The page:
There are so many things that Texas excels at: barbecue, football, cowboys! It’s what’s made Texas so well known worldwide; however, Texas has so much more to be proud of. Everyone knows that Austin is a live music hot spot, Dallas is a sports mecca, and Houston is a world capital of space exploration. Not everyone knows that Texas contains 600 miles of Gulf Coast, including the largest undeveloped stretch of barrier-island beach in the world (on Padre Island).
Journey through seven regions of adventure, history, natural landscapes, and great barbecue. Take a drive through Texas where you’ll pass sites that are tried and true, and get insider knowledge on local points of pride. Further exploration of Texas might surprise some, but it shouldn’t—The Lone Star State has it all.
When you think “beach vacation” California and Florida may be the first states that come to mind, but Texas’ Gulf Coast is here to prove that assumption wrong! Sprinkled along 600 miles of coastline, small coastal towns feature waterfront restaurants, bars, and optimal places to watch the sun set over the Gulf of Mexico. Islands are spread out along the horizon, including Padre Island National Seashore. Natural beauty is abundant in this region, making these destinations the best spots for fresh air and fun in the sun.
- Galveston Pleasure Pier
- Kemah Boardwalk
- Moody Gardens, Galveston Island
- Port Arthur
- South Padre Island
Texas’ Hill Country, in roughly the center of the state, mixes outdoors and big city in the best way. The area contains rugged limestone hills dotted with springs, abundant wildflowers as well as charming destinations in between, including Austin, the state’s capital. The region is filled with bodies of water perfect for jumping into on a warm day.
Ready for a relaxing winery getaway? You can tour more than 30 Hill Country wineries, many in Fredericksburg. Grapevines have been cultivated in Texas as far back as the 1600s. Years of experience have paid off; the Texas Hill Country was named one of the “10 Best Wine Travel Destinations” by Wine Enthusiast magazine in 2014.
Prairies & Lakes
Texas’ Prairies & Lakes region contains some of the state’s largest metropolitan areas, in addition to classic Texas towns with small-town charm. Dallas, Plano, Irving, Fort Worth, and Arlington make up “The Metroplex,” an economic and cultural hub.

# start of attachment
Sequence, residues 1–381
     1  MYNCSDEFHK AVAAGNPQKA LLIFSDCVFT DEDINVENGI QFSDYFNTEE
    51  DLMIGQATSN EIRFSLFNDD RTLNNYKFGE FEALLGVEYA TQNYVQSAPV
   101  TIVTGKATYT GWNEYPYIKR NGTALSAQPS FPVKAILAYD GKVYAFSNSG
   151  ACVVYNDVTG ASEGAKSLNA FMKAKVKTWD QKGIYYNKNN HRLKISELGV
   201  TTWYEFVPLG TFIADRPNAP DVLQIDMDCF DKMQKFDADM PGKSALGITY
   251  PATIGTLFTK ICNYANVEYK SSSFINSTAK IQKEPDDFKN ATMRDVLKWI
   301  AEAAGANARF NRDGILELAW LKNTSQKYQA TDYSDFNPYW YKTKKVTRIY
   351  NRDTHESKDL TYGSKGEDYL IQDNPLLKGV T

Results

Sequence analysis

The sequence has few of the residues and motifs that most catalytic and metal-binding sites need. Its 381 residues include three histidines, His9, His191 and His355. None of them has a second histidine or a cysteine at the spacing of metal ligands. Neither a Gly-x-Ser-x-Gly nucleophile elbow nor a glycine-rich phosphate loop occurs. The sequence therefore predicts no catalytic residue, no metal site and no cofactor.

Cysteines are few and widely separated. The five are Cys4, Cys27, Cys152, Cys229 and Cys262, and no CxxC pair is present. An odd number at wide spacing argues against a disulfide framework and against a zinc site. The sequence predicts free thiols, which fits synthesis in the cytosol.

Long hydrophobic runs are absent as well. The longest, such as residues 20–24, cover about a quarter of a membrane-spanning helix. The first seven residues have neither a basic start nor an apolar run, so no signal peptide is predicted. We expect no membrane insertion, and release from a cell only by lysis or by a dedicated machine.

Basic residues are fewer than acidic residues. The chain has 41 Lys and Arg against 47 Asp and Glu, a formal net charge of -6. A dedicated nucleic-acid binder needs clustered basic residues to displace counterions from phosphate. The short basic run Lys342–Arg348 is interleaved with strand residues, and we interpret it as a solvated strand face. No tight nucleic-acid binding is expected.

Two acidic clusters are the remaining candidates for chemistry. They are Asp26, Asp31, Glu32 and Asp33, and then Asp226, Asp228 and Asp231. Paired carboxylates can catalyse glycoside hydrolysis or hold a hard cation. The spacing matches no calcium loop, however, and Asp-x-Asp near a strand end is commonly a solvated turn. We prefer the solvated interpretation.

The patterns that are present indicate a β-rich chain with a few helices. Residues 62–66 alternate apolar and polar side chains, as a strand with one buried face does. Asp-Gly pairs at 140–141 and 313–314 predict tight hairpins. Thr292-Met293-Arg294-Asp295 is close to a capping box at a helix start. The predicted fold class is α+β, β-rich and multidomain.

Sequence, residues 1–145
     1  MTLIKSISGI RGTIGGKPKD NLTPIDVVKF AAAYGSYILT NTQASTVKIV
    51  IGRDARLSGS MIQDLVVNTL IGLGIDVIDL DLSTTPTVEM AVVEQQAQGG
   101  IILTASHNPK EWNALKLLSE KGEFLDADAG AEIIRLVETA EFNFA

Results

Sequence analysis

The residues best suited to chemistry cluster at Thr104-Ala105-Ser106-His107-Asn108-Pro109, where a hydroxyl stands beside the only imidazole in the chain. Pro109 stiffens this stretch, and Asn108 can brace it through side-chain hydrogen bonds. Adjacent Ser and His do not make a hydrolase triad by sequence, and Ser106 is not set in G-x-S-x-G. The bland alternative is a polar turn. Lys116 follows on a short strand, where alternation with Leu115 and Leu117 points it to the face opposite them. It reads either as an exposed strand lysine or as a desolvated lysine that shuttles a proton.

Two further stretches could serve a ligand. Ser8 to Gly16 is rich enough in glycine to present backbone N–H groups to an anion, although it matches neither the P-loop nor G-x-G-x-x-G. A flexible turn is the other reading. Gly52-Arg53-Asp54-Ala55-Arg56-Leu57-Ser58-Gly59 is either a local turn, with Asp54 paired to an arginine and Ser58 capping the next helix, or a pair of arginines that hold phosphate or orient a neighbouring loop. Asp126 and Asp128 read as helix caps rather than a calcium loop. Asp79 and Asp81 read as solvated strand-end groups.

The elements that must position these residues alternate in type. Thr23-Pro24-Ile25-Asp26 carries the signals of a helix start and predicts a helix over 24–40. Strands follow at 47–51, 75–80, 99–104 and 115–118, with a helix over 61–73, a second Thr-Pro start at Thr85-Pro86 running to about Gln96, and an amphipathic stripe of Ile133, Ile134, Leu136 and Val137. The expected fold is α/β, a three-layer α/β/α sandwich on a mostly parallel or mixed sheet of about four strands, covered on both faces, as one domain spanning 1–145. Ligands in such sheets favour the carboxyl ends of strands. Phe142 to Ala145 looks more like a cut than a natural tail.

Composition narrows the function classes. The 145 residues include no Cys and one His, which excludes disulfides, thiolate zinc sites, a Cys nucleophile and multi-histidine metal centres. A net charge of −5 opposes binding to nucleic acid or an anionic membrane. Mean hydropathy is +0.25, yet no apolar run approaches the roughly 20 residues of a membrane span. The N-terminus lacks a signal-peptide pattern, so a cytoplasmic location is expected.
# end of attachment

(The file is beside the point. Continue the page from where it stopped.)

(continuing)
The Prairies & Lakes region is also a destination for food. Beyond Dallas’ food festivals and an abundance of restaurants, there’s more to discover. Make your way down to Brenham to tour Blue Bell Creameries, where the company was founded in 1907, and check out Dublin Bottling Works Museum, the birthplace of bottled Dr Pepper.
Get your kicks, preferably in cowboy boots, with a ride on Route 66. The historic highway crosses in a horizontal line through the Panhandle Plains—Texas’ northernmost region. Buddy Holly grew up in Lubbock, and his spirit is honored around the city. Visit his statue at the West Texas Hall of Fame, which also honors West Texas’ best of the best—from songwriters to football greats.
The Piney Woods region of Texas is something special. The World Wide Fund for Nature considers the region to be a critically endangered ecoregion in the United States. These coniferous forests are the home of several species of pine, as well as hickory and oak trees.
The Piney Woods receives between 40 and 52 inches of rain every year, enough that there are actually two varieties of wetlands here: bayous and sloughs. It’s best to explore nature here at one of the 17 state parks, including Atlanta State Park and Caddo Lake State Park.
South Texas Plains
The South Texas Plains region is home to San Antonio, and—of course—The Alamo. One story below downtown San Antonio, you’ll find the River Walk—a series of walkways along the San Antonio River with bars, shops, and fantastic Tex-Mex restaurants. Nearby, you can explore four important Spanish missions at San Antonio Missions National Historic Park.
The Rio Grande Valley is the perfect place for bird watching as several migratory routes converge here. Each destination is different, from woodlands to wetlands, and experiences there are different as a result; depending on which you choose, you may take a wilderness walk or a float trip.
Big Bend Country
Big Bend Country is a paradise for bicyclists and art enthusiasts. A huge draw here is Big Bend National Park, which became Texas’ first national park in 1944. When they say big, they mean big; the park is roughly the size of Rhode Island, large enough to encompass a complete mountain range, the Chisos.
If you’re looking for an out-of-this-world experience, you’ll find it here. The best place to try to spot the mysterious Marfa lights is an official viewing platform off Highway 90. Look for basketball-sized orbs, often white or yellow, floating high in the air or just above the ground, and sometimes in groups—people have sworn they’re a result of extraterrestrial activity, others believe they’re just passing highway headlights.
Enter to Win a Texas Getaway
Now you know what’s awesome about each region of Texas—it’s the perfect time to enter to win your own Texas getaway! A Moody Gardens, Galveston Island getaway is fun for the whole family. One lucky participant will win a one-night stay at the Moody Gardens Hotel, an 18-hole round of golf for two, and tickets to all Moody Gardens attractions for four, including the popular Penguin Encounter.